In Brief

In Brief
China orders registration of poor Catholics

A priest in China’s Henan province claims to have received a notice from municipal authorities requesting churches in the province to gather statistics on the backgrounds of their congregations, especially those from poor families.

But he is refusing to cooperate out of fear that anyone named in the register could be barred from receiving state subsidies as punishment for practicing their Faith.

“This is totally unreasonable. I suspect their hidden agenda may be to cancel people’s low-income subsidies,” said the man, who declined to give his name for fear of reprisals from the state.

China has forged an uneasy truce with the Vatican in recent years despite the Communist country being officially atheist.


Schedule for Francis’ visit to Baltic region is revealed

Twenty-five years after St John Paul II visited Lithuania, Latvia and Estonia, Pope Francis will make the same three-nation visit from September 22-25.

The four-day trip will take the Pope to two important Marian shrines, two major ecumenical encounters and places that commemorate each nation’s fight for freedom from oppression.

Abortion and the disintegration of families have been serious challenges for the Church and society in these three former Soviet republics, according to past reports from bishops during their visits Rome.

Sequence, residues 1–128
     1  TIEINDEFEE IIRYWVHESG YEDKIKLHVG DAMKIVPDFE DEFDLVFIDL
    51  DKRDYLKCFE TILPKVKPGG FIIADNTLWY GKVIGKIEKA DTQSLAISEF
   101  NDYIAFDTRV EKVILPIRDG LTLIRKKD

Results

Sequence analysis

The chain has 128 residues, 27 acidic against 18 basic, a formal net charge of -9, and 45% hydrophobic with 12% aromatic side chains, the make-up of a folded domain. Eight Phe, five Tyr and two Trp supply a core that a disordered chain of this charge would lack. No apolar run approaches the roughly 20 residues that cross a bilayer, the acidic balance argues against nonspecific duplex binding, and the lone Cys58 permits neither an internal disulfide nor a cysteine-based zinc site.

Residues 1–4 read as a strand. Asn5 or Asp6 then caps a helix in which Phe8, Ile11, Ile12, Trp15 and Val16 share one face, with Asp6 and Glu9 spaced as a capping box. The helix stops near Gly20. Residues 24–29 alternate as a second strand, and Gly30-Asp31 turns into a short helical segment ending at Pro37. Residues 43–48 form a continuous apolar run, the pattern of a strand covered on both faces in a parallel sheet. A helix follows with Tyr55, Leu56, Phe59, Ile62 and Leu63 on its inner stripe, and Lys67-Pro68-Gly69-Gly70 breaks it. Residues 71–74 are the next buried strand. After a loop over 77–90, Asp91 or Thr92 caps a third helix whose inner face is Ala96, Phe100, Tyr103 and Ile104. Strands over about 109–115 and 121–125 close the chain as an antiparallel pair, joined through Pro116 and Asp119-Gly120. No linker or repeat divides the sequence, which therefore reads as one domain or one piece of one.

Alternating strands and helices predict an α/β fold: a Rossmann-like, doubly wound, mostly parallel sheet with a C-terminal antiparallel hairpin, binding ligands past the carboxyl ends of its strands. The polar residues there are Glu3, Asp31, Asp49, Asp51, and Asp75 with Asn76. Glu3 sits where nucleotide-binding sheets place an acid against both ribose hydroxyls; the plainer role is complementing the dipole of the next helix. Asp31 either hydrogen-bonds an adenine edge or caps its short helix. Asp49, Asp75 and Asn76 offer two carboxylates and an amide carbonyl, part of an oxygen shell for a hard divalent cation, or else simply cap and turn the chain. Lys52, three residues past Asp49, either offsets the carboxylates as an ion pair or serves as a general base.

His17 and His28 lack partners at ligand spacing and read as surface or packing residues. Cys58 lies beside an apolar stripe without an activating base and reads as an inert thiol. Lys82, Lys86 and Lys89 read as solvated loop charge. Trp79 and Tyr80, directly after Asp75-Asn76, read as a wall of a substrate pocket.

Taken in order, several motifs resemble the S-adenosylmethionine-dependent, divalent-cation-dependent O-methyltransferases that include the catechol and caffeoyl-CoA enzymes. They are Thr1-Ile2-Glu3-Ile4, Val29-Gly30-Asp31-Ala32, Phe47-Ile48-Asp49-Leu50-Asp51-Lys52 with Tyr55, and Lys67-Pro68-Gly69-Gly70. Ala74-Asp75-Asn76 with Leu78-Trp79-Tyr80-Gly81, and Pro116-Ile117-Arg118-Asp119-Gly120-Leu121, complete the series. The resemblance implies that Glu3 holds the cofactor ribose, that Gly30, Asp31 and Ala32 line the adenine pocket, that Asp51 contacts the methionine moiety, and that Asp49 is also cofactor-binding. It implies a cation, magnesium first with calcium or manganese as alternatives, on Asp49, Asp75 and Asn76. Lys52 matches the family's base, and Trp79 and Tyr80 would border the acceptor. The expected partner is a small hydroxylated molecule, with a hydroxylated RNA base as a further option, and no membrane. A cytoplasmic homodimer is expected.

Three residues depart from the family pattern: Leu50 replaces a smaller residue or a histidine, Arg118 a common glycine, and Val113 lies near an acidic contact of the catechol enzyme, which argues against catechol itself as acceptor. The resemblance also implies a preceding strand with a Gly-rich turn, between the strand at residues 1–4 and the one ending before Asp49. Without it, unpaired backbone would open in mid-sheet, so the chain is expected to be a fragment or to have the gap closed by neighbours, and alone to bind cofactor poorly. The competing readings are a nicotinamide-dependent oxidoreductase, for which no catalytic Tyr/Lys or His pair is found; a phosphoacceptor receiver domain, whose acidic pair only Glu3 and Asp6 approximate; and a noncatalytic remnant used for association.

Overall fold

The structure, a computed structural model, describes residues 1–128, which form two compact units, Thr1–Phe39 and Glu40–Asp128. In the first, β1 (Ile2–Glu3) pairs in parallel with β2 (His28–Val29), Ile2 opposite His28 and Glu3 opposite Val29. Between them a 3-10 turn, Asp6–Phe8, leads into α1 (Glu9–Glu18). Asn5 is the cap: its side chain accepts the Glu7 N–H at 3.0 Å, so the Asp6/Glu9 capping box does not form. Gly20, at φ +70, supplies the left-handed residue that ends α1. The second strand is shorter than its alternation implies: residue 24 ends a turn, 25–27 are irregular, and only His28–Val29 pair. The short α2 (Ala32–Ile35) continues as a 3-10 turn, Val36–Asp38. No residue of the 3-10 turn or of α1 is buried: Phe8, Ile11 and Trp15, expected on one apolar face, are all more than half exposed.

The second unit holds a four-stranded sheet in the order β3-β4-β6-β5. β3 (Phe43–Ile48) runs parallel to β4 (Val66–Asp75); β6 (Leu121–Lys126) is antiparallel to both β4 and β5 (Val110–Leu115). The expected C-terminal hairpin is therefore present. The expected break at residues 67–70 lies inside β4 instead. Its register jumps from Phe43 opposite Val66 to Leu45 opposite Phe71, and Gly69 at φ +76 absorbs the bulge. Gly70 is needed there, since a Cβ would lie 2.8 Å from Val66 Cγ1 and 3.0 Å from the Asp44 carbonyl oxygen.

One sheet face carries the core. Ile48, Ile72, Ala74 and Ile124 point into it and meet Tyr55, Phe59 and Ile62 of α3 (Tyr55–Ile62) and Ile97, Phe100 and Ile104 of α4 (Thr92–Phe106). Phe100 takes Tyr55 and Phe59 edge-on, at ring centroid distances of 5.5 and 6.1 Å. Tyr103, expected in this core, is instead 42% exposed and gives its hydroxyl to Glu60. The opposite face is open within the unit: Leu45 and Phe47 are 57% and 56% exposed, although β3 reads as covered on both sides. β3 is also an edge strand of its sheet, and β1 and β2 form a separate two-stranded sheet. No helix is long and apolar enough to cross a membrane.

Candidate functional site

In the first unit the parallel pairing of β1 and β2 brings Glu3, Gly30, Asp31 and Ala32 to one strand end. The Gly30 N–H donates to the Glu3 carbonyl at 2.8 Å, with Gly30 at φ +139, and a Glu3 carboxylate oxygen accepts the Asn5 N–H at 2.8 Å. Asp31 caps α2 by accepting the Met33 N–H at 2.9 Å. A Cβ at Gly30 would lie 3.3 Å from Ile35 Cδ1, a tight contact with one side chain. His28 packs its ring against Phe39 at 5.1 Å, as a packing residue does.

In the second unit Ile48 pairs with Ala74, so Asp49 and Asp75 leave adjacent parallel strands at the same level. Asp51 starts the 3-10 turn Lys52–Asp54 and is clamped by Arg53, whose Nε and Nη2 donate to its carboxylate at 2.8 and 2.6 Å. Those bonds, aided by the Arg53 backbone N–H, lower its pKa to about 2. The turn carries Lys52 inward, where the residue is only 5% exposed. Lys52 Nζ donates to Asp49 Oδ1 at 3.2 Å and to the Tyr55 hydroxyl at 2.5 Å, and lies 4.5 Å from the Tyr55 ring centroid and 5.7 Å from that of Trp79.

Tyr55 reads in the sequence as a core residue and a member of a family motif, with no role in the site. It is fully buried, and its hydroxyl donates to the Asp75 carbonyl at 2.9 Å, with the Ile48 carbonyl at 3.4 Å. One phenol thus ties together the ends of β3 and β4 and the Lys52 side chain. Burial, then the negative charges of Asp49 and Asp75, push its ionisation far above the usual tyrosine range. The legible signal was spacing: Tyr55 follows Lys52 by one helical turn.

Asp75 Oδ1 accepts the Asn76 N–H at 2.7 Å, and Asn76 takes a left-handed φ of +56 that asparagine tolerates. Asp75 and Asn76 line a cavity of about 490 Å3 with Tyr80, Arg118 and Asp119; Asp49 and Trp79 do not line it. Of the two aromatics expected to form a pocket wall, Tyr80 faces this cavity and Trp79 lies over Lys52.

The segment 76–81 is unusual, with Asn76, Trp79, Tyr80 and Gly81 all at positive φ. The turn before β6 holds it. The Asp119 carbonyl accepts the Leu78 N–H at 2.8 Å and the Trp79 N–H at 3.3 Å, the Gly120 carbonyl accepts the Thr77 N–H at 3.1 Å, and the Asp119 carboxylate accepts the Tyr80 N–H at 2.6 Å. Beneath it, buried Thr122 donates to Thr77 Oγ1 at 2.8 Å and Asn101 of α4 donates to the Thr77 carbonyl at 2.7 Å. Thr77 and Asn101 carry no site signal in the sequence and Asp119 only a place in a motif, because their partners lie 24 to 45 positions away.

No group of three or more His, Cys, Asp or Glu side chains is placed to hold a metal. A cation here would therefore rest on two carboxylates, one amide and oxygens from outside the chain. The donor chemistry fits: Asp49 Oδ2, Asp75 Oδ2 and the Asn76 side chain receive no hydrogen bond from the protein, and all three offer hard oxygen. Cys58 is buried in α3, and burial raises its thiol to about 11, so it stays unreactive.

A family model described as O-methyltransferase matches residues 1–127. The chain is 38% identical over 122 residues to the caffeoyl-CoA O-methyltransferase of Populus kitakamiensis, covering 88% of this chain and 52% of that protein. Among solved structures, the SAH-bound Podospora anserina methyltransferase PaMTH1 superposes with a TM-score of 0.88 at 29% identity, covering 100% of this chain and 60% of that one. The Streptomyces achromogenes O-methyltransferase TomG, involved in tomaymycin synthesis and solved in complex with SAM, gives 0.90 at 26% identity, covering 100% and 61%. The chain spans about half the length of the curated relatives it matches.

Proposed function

Pope expresses fear for Christians fleeing Middle East

Pope Francis said that if Christians continue to flee the Middle East, it would cease to be the Middle East. The Pope spoke at an ecumenical gathering in Bari on the Southern Adriatic coast of Italy to heads and representatives of 19 different churches.

In Syria, more than 600,000 Christians have fled and in Iraq, the Christian population is now one third of what it was five years ago. The Pontiff said that if the “dark clouds of war, violence and destruction” continued, the presence of Christianity in the region might be wiped out.


Cardinal praises US anti-gun march

Hundreds of protesters led by Chicago priest Fr Michael Pfleger and anti-gun activists filled a major Chicago highway for about an hour on July 7, demanding that city officials act to stop gun violence.

Chicago Cardinal Blase J. Cupich said he was thankful that law enforcement officials co-operated to allow the protest to take place. “Now it is time for all of us, especially our leaders, to take up with vigour the concerns raised by our young people and all those who marched today,” he said.

Days before the event, he issued a statement applauding “the courage shown by young people in our city and across the country”.


Nigerian Bishops criticise govt as violence continues

Nigerian Catholic Bishops have criticised the action of President Muhammadu Buhari as violence against Christian farmers continues. Feuds between Muslim semi-nomadic herders and predominantly Christian farmers has escalated recently with 200 people being killed in central Nigeria’s plateau state.

Bishops claim that due to President Buhari’s inaction in combatting fellow Muslims’ attacks, the president has lost the trust of the people.

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